Lieutenant Hoffman, the second lieutenant of Constitution, took command of Cyane. At 8:00 pm, Stewart set off to pursue Levant, and at 8:50 discovered the British vessel beating back upwind to re-enter the fight, unaware that Cyane had surrendered. The two vessels exchanged broadsides on opposite tacks. Captain Douglass then attempted to escape upwind but at 9:30, Levant was overtaken and also forced to surrender.
Although it was acknowledged that the crews of both British ships had fought determinedly and skilfully, Stewart's ship-handling had been faultless.
The Americans lost 6 men killed and 9 wounded. Aboard Cyane, 12 men were killed and 26 wounded, some of whom later died of their injuries. Aboard Levant, 7 men were killed and 16 wounded.
Recapture of Levant
Constitution and the two prizes made for Porto Praya in the Cape Verde islands, which were neutral Portuguese territory. They reached there on 10 March. While repairs were being made to all three ships and Stewart was preparing to send off the prisoners in a neutral cartel, a large ship was sighted making for the anchorage. Stewart was preparing to engage when two more heavy ships were sighted, clearly too powerful a force for Constitution to face. Stewart believed that the Portuguese would be unable to enforce their neutrality and his three ships hastily left the harbour.
The approaching ships were Collier's squadron, which had recrossed the Atlantic once Collier had discovered that Constitution had escaped from Boston. They were Collier's own ship HMS Leander (50 guns), HMS Newcastle (50 guns), and HMS Acasta (40 guns). (Leander and Newcastle had been constructed in 1813 with 24-pounder main deck broadsides specifically to match the large American frigates.)
As the British pursued, Constitution was forced to cut away the boats which the frigate had been towing. Cyane dropped back and Stewart ordered her to tack. She did so, and escaped, being ignored by Collier's frigates. Levant, commanded by Lieutenant Ballard, first lieutenant of Constitution, also fell back, and turned back for Porto Praya. All three British frigates pursued her into the harbour and opened fire, while the British prisoners from Cyane and Levant seized a Portuguese shore battery and also opened fire on Levant. Although the cannonade was ineffectual, the odds were overwhelming and Ballard surrendered.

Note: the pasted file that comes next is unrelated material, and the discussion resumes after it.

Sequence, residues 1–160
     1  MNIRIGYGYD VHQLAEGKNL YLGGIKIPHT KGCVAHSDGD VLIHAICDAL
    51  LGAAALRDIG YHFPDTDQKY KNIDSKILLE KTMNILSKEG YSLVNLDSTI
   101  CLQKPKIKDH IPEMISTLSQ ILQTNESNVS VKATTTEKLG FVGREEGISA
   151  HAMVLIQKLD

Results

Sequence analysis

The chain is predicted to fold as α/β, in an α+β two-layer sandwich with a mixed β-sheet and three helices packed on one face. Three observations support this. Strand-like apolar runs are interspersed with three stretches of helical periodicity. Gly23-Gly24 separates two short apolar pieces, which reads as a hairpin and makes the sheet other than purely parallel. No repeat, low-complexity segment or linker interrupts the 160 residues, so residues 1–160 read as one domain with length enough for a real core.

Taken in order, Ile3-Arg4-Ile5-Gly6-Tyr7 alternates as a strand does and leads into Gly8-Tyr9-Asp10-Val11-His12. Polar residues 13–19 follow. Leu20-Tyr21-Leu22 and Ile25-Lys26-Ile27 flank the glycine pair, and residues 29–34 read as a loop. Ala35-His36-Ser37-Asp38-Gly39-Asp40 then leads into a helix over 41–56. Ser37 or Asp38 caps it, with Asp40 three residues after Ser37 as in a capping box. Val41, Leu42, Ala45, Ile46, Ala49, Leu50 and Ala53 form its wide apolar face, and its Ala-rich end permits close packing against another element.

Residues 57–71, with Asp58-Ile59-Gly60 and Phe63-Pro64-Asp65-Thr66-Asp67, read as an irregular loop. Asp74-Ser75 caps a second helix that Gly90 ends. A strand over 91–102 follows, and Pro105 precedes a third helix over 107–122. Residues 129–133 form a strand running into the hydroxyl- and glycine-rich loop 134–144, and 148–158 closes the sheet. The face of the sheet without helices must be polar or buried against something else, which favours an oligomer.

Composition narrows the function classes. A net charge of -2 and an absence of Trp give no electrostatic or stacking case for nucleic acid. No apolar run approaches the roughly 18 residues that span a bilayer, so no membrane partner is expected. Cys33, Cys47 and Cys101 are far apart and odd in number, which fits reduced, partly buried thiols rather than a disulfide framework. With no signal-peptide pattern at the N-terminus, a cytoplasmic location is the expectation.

After calling at a Brazilian port, where Stewart released his remaining prisoners, Constitution reached Puerto Rico where Stewart learned that the war had ended some days before he had fought. Cyane reached New York without incident. The Portuguese later paid compensation to the United States for their failure to enforce their neutrality which allowed the recapture of Levant. Sir George Collier was accused of cowardice or incompetence for his failure to engage Constitution at Porto Praya, and took his own life in 1824.
- A nautical unit of length equivalent to 720 feet (220 m) in the U.S. Navy and 608 feet (185 m) in the Royal Navy ]. As the source is American (Roosevelt, p.231), the former measurement is probably closer.
- Roosevelt, p.232
- Roosevelt, p.230
- Forester, p.203
- Roosevelt, p.30
- Roosevelt, p.232 (fn)
- Roosevelt, p.231
- Forester, p.205
- Roosevelt, p.206
- Forester, C.S. The Age of Fighting Sail. New English Library. ISBN 0-939218-06-2.
- Roosevelt, Theodore (1882). The Naval War of 1812 Or the History of the United States Navy during the Last War with Great Britain to Which Is Appended an Account of the Battle of New Orleans. New York: Modern Library. ISBN 0-375-75419-9.
- Indiana University, Lily Library, A.Y. Humphreys journal, Humphreys Manuscripts.
- What It was Like to be shot up by Old ironsides American Heritage April/May 1983 Vol 34 Issue 3
- Navy History
- "February 20 1815: USS Constitution fights on". Link to after-action reports by Captain Charles Stewart, USS Constitution, and A.Y. Humphreys, Chaplain, USS Constitution